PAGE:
A string is any sequence of characters. Literally anything you can type can be represented as a string. This is the default data type in excel, and is what data typically defaults to if there is any confusion about what the data is. Take the example of recording the dose of analgesia given for postoperative pain relief. If we write
180 mg, excel will store this value as a string. It has no choice, since the “mg” adds data that cannot possibly be interpreted numerically. When dealing with data that is numerical in nature, it’s best practice to keep all units elsewhere and keep the data as an integer or decimal.
This is essentially a special case of the decimal. Dates are simply integers counted up from a point in time (typically Jan 1st 1970 as convention). Time is given as a fraction of a single day. Obviously it’s going to be very difficult for us to record today as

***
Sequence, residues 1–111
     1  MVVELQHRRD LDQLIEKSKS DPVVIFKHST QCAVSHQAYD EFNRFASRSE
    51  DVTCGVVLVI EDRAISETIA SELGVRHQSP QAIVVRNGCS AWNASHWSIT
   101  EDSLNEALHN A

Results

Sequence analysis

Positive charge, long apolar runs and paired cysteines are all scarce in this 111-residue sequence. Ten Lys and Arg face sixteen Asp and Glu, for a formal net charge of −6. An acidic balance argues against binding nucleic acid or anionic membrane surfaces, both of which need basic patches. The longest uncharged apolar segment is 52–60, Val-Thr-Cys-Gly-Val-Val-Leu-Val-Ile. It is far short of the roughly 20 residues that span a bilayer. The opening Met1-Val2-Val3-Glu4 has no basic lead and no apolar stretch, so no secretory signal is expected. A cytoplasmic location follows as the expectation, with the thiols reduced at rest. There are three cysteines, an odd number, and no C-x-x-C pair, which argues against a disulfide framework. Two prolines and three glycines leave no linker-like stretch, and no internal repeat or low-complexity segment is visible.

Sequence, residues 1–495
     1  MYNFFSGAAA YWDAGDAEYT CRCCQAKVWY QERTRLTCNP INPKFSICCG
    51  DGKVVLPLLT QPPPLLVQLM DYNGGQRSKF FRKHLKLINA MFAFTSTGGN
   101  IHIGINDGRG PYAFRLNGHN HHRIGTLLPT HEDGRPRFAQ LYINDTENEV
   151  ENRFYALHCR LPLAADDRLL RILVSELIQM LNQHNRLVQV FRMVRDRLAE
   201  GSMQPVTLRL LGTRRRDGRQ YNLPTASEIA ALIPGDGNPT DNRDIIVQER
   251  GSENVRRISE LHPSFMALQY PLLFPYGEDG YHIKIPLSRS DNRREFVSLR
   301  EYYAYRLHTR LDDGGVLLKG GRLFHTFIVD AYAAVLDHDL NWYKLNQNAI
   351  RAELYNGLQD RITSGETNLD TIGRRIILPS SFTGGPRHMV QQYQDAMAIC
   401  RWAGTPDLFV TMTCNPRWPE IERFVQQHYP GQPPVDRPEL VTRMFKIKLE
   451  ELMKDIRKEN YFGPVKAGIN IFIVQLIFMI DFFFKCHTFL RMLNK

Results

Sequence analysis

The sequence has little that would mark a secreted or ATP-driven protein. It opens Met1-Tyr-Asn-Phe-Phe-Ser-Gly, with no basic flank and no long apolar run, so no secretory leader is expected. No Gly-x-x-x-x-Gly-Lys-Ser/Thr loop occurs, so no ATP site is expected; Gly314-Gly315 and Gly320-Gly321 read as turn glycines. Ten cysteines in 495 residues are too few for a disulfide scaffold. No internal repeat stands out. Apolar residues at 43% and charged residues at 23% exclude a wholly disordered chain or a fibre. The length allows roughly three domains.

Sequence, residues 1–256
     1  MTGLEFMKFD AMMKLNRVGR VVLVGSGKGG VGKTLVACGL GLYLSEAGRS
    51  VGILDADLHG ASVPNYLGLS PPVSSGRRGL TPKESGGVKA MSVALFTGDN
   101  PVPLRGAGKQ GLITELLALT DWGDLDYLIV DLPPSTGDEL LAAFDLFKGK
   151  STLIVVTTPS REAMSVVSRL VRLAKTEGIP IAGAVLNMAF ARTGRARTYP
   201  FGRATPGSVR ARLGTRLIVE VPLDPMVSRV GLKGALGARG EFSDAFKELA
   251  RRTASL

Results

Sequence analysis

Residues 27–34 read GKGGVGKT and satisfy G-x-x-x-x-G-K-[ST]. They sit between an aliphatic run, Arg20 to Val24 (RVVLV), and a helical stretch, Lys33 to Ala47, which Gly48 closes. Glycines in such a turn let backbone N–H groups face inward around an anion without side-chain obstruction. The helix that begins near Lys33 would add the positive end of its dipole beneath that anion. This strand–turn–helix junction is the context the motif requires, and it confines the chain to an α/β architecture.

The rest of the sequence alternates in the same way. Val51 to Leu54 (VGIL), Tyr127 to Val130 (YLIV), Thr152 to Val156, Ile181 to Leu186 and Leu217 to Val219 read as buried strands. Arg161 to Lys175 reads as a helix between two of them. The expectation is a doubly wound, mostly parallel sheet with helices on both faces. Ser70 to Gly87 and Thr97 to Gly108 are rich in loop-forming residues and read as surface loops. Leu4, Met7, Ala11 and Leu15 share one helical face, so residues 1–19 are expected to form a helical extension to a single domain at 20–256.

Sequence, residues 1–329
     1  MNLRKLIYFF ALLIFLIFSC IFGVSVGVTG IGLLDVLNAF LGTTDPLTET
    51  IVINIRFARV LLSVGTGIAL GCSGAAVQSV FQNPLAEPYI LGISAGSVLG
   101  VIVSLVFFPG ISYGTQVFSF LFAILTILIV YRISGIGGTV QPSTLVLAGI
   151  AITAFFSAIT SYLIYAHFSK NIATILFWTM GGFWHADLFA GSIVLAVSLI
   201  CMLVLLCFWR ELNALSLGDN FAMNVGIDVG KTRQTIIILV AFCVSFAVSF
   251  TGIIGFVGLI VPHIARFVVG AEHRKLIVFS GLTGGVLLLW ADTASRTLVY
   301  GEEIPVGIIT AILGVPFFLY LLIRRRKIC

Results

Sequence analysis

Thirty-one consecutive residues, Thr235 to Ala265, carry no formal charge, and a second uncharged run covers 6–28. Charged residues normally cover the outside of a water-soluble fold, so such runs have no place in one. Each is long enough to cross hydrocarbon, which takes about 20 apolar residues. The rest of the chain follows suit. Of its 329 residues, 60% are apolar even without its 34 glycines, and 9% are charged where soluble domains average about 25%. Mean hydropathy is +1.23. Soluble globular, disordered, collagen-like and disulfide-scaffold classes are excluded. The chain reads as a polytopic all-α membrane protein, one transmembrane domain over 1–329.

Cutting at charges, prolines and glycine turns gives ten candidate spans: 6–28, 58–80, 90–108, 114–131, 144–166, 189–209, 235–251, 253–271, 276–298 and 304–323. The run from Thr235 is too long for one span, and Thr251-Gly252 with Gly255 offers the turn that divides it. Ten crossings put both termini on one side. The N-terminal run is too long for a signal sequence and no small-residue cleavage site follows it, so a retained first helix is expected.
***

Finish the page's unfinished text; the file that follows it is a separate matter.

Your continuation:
10467.56743, as it’s not remotely intuitive. We can still write the date and time in excel in a conventional way, but it’s important to understand how this information is stored. When recording date and time information, it is often easier to separate out the two e.g. store date in a single column (in the format YYYY-MM-DD) and time in another (in the format HH:MM).
Typing the same date into Excel will give you either the appearance or a different actual date.
Top Tip: If you really want to make life easy in the future, separate out each day, month, year, hour and minute into separate columns. It’s a greater investment, but can make handling dates easier in the future.
FALSE statements. Mathematically, these are represented by the values
0 respectively. Strictly speaking,
TRUE can also take any non
0 value i.e.
750.45 they’re all not
0 and hence interpreted as